The next morning, Officers Hoing, Duane Gary, and Dion Cicinelli went to the Elkinses' home at 1270 Tutwiler. They told the Elkinses they had received a complaint about a marijuana grow at Scott Street, but James Elkins denied any involvement with a marijuana grow. He gave the officers permission to search his home, and Carol Elkins escorted them through parts of it. The officers saw no contraband, but each later testified that there was a strong, identifiable odor of marijuana in the Elkins home. The officers then requested permission to search 155 Scott. James Elkins agreed, saying
that the police could look anywhere they wanted to.4
Elkins then drove Gary to Scott Street in his own car, choosing an indirect, circuitous route. The other officers followed, but Carol Elkins did not accompany them. At one point during the drive Elkins made a cellular phone call to an unidentified individual. Officer Gary testified that he could not hear what Elkins said but believed he was speaking to his wife.
Once Elkins arrived, he led the officers through 155 Scott, where they found nothing incriminating. The officers asked if they could also search 139 Scott, the other portion of the building. Elkins verbally agreed to this search; the officers testified that he said "sure."
When the officers emerged from 155 Scott with James Elkins, they saw an unoccupied Cadillac newly parked next to the building. The officers recognized it as Carol Elkins's car, which had been parked at the Elkins home that morning. James Elkins attempted to unlock the door to 139 Scott, but could not find a matching key. He called to his wife, who was now inside the building, to open the door. Carol Elkins eventually opened the side door and admitted James Elkins and the officers.
The officers searched 139 Scott, accompanied by the Elkinses. They eventually found a cabinet which, when opened, contained metal trays of marijuana. They also found plant chemicals, fertilizer, scales, ledger sheets, and other paraphernalia possibly linked to marijuana growing. At one point the officers turned their attention to 139 Scott's attic, and James Elkins pointed out a ladder that the police could use to access that area. In the attic the officers found several electric lights.
During the search the officers came to suspect that there was a hidden space between the walls of 139 and 155 Scott. Elkins admitted that there was such a space. When it became clear that the officers intended to open a hole in the wall to access it, Elkins pointed out a spot where the hole could be made with the least damage to the building. The officers found a hidden room containing a great deal of equipment used in growing marijuana. Remnants of marijuana growing were visible on the floor.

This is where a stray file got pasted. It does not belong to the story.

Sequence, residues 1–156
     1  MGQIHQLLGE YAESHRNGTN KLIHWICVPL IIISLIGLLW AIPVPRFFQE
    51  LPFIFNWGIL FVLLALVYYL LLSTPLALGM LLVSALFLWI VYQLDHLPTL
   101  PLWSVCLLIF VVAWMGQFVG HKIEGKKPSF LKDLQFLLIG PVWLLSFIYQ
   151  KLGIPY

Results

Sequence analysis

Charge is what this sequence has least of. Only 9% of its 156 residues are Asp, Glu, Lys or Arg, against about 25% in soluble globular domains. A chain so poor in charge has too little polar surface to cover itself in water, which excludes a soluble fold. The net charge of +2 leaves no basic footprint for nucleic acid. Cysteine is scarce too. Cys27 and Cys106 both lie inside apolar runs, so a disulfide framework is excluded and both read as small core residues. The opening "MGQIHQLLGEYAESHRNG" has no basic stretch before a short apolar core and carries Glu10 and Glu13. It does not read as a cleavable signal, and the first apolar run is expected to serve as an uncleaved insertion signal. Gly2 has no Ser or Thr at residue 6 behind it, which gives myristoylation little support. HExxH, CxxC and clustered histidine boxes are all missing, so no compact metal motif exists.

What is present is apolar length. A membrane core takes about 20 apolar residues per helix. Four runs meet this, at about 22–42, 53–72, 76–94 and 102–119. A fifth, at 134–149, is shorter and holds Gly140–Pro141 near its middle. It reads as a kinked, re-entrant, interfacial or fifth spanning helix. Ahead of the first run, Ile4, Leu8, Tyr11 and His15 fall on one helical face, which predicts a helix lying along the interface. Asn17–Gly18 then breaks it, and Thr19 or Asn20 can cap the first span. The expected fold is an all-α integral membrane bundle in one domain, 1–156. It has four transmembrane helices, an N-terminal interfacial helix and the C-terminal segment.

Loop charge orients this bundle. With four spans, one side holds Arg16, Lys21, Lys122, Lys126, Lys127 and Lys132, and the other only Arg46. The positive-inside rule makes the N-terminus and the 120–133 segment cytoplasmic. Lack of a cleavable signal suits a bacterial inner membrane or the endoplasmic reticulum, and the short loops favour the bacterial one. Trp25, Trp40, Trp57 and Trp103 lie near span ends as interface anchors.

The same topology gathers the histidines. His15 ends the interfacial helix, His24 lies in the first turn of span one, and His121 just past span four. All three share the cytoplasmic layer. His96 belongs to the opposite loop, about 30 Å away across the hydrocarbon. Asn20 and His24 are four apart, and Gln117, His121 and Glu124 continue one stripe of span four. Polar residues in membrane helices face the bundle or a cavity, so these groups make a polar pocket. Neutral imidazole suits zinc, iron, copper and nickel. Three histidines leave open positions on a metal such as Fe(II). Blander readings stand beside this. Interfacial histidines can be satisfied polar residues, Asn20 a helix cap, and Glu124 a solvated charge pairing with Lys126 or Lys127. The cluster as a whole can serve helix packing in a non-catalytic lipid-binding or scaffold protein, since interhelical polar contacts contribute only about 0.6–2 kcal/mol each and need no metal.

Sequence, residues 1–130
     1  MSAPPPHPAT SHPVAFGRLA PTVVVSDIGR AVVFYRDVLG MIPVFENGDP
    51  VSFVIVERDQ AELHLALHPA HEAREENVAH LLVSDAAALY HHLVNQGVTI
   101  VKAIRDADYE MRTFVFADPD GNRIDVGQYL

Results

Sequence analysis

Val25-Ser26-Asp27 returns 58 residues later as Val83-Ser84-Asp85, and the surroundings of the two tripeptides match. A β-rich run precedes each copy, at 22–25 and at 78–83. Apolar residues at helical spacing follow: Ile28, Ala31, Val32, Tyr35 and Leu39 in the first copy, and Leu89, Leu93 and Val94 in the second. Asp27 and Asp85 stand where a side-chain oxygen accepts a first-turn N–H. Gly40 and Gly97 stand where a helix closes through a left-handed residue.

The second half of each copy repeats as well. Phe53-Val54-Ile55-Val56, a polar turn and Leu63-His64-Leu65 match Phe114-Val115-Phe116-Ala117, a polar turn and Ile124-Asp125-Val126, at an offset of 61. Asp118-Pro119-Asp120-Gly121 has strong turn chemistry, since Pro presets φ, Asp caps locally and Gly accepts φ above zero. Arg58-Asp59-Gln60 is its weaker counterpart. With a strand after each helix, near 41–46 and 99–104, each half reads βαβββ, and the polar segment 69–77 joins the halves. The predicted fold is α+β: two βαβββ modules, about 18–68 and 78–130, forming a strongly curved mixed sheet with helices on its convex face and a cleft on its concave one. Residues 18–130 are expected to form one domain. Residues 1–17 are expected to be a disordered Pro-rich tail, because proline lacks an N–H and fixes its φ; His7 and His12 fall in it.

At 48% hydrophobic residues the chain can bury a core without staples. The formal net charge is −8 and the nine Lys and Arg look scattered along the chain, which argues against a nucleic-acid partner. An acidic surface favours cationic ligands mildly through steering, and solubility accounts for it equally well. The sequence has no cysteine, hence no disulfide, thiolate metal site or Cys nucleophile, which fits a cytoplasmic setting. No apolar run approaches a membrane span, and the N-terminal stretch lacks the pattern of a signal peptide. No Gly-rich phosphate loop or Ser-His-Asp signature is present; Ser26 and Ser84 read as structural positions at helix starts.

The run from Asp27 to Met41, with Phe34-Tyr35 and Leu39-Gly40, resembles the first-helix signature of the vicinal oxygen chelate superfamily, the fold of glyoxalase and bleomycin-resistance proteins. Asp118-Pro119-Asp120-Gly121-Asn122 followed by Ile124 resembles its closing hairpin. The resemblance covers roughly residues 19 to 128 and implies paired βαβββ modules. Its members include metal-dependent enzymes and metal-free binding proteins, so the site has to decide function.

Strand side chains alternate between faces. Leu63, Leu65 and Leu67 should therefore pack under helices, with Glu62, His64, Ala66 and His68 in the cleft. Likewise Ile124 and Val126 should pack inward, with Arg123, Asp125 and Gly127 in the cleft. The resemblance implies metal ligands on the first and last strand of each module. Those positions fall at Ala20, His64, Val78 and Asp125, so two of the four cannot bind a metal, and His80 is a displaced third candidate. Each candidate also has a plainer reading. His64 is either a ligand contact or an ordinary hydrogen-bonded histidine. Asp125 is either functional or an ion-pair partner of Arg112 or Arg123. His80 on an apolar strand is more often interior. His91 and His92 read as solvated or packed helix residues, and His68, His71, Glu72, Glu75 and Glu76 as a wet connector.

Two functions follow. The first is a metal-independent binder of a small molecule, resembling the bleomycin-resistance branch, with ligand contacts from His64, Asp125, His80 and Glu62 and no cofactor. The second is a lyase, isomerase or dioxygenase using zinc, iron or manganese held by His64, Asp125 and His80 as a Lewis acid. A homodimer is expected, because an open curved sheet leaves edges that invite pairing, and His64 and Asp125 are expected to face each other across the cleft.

The officers then asked Elkins for permission to search 146 Neil. Elkins at first agreed to the search, but then verbally declined and asked to speak with his attorney. The officers testified that Elkins said that a search of 146 Neil would only make things harder for himself. The Elkinses, now handcuffed, were taken to the police station around 11:00 a.m. Officers Hoing, Gary, and Cicinelli began preparing affidavits for warrants to search 146 Neil, 2896 Walnut Grove, and the Elkinses' home at 1270 Tutwiler.
While the affidavits were being prepared, Officer Bell and Captain Livingston were at 2896 Walnut Grove, watching the location from their car. At around noon, a car containing two Hispanic males drove up to the building. The car stopped close to the building's entrance. By this time Bell and Livingston had learned of the
arrests of the Elkinses. They began to drive toward the stopped car, intending to keep the occupants from entering 2896 Walnut Grove. One of the occupants, later identified as Jesus Morales, got out of the car and entered the building. The officers pulled up next to the car and detained the remaining occupant, Raul Sandoval. As they detained Sandoval, Morales exited 2896 Walnut Grove, saw the officers detaining his colleague, and went back inside, locking the door. Livingston was wearing a police shirt and camouflage pants when Morales saw him.
Bell then radioed Officer Hoing to seek advice about how to secure the building. Hoing eventually contacted a state prosecutor. The prosecutor advised the officers to enter 2896 Walnut Grove, remove the man inside it, and wait for a warrant.
The officers entered 2896 Walnut Grove by forcing the locked door. Inside the building they found four men, including Morales. They also observed an extensive array of marijuana plants as well as two shotguns. The police then left the building, but one of the men they had seized told them that two more men were inside. The police re-entered the building twice to...